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Could it Happen Again?

 

MYRIDE VanderbrinkThe saying goes, “we learn from our past.” History repeats itself. But could it? I was talking with a Good Ol’ Boy from Georgia last month and we discussed the political state of affairs in America today. This man in his 80s was full of wisdom as we talked about old times. I asked him, “Do you think that America could pull together again, like we did during WWII?” He took a long breath while pondering and said, “I would hope so, but I don’t know today.”

I love history and feel that it’s important in our lives that we learn from its examples. It’s amazing to me that the President and Congress ordered all the big automotive makers to stop making cars post Pearl Harbor, and work together for the war effort. They delegated jobs for efficiency. Continental Engines Ford, Chevrolet, and even Harley Davidson and Indian came together for the war effort. It’s amazing, the only way that you could get a car from Mid-1942 to part of 1946 was to have a “Need” ration coupon for a car, tractor, and many other things. If you did get a car, you may have had a wood bumper or an iron trimmed “Black Out” model. If you needed gas for a trip, you had to determine if the trip was absolutely necessary. If you had a tractor and needed to get new tires… forget about it! Farmers went back to steel wheels. Even then, came cut offs when rubber became available again.

Would any of us today be able to manage without our Starbucks coffee, gas, sugar, tires, cell phone, Facebook, and more? These basic staples and luxuries that we take for granted today were rationed as the nation came together for the war effort. For instance, think how difficult it would be to be without a phone. My Gramma Johnson told me about when Pearl Harbor was bombed and how they thought it was the end of the world. She really thought the end of the world was here. All the information she got was from newspapers and the radio. No TV, No 24 hour news! The country also knew the value of a secret and how crucial information was to success.

Everyone came together to support the cause. My Grandma talked about making cakes without some ingredients, mending stockings, and bringing in iron for the war effort scrap drive. I once held an auction by Chicago, IL. A salvage yard owner named Mr. Broston did an interview with me. He talked about men driving in Packards, Rolls-Royces, and other hi-end cars and SCRAPPING them for the war effort. He especially remembers cutting up all those Packards, one of his favorites. They drove them in and scrapped them! But when the war was over the country came together and created one of the biggest booms the economy has ever seen.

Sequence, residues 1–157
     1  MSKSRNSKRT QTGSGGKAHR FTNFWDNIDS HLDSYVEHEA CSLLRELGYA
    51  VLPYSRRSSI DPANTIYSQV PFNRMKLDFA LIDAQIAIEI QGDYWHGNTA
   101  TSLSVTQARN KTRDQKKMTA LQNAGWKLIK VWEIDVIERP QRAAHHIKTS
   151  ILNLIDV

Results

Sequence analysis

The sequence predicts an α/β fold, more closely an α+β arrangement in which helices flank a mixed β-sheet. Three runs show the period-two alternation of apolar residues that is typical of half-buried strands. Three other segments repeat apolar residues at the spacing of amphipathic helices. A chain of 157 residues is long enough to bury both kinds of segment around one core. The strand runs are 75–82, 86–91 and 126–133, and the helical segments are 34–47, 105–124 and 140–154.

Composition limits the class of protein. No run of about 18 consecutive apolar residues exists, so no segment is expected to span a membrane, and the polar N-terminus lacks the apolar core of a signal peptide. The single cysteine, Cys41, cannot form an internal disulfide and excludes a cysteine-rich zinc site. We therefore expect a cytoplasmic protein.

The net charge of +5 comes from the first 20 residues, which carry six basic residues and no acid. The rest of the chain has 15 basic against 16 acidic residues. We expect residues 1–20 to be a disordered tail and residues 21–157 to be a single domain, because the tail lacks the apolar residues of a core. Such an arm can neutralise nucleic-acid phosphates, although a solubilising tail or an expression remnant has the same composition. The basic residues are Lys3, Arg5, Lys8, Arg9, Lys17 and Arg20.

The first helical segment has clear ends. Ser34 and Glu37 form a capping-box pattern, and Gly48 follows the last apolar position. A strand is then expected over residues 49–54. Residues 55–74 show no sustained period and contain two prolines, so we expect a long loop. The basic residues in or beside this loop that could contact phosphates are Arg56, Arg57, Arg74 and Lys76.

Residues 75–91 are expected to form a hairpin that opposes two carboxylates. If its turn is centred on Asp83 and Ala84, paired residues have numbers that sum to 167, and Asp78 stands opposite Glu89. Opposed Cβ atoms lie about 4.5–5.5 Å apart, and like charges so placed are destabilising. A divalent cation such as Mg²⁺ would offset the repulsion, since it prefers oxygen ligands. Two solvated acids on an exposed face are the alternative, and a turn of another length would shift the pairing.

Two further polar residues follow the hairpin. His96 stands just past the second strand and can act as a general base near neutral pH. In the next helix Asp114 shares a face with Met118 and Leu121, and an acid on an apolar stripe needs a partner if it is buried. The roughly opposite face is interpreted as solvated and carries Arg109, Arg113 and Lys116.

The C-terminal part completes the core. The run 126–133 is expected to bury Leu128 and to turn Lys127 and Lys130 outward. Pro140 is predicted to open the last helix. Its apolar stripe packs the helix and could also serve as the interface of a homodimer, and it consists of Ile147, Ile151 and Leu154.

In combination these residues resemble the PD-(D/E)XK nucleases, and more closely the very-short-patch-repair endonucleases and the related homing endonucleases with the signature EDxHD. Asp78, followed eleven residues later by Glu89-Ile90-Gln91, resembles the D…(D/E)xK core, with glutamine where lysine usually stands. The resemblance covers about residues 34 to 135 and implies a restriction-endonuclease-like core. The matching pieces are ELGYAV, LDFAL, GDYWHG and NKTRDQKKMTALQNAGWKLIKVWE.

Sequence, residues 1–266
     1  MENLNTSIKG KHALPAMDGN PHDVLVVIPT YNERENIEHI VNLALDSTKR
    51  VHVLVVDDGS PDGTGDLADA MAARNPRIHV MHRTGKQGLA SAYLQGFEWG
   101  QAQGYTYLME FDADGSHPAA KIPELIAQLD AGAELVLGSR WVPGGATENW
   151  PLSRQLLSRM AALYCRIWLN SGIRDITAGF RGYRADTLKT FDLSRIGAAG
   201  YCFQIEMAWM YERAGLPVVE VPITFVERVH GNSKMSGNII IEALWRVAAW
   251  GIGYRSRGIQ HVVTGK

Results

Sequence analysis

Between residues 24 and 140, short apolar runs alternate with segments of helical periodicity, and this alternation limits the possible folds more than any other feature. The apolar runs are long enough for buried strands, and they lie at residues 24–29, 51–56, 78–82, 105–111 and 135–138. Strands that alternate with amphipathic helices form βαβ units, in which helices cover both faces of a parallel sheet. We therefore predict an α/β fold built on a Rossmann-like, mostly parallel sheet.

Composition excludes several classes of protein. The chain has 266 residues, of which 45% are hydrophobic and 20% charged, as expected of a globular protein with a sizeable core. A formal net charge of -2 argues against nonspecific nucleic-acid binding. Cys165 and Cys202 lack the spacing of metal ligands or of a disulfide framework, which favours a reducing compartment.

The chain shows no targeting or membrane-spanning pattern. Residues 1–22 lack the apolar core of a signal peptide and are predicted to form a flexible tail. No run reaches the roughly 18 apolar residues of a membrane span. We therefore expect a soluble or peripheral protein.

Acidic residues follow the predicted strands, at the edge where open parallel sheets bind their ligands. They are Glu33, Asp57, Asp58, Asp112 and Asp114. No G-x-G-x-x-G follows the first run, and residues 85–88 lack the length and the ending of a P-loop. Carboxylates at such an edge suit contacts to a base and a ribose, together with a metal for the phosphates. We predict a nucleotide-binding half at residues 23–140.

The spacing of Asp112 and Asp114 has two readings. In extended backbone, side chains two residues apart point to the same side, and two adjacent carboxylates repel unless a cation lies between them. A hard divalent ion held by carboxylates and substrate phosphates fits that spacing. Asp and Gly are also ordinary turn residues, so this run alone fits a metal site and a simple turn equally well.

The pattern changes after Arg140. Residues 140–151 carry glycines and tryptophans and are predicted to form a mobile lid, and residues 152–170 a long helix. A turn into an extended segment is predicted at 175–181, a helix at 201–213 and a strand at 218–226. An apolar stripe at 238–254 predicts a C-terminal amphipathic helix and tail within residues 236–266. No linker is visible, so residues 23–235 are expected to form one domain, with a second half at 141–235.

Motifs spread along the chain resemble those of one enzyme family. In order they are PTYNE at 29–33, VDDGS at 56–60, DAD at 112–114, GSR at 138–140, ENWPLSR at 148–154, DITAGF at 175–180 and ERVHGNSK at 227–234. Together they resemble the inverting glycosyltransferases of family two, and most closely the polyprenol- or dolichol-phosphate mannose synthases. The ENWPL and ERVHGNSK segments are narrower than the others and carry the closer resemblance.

I listen to talk radio and keep up on the news while I’m driving around this great nation. It really is alarming to hear what is going on lately. It wasn’t that long ago, when I graduated from high school that Chevelles were a dime a dozen and your neighbor called your dad when you were caught horsing around. Nobody called the cops; they called your dad. The wrath of Art Nordstrom, to me, was worse than any local cop could dish out. Not being able to drive was a loss of freedom I didn’t like. There are so many things that have changed for the worse. If there was another national crisis I would like to think that the country could come together like that again, but with some automakers or parts for automakers not based in the US, would they be able to delegate or regulate them? Would the generation of “now” that are so used to everything being handed out a drive-thru window and getting everything they want be able to do without for the better good? I don’t know. But I sure hope so. So many opinions about the state of our nation are tossed out every day. Those opinions tend to divide us. Can we come together once again as a nation? Could I, as well as everyone else, do without? I would not be able to buy a new vehicle or even be able to buy sugar. Seeing as how I love chocolate that would be a big sacrifice.

But after listening to what the greatest generations went through, I would hope that this generation would learn from example and come together again. So, think about what’s important, and let’s take a page from the past and bookmark it for today. Remember, you need to be a contributing part of your community, country, and take care of people around you.

 

 

Vanderbrink

 

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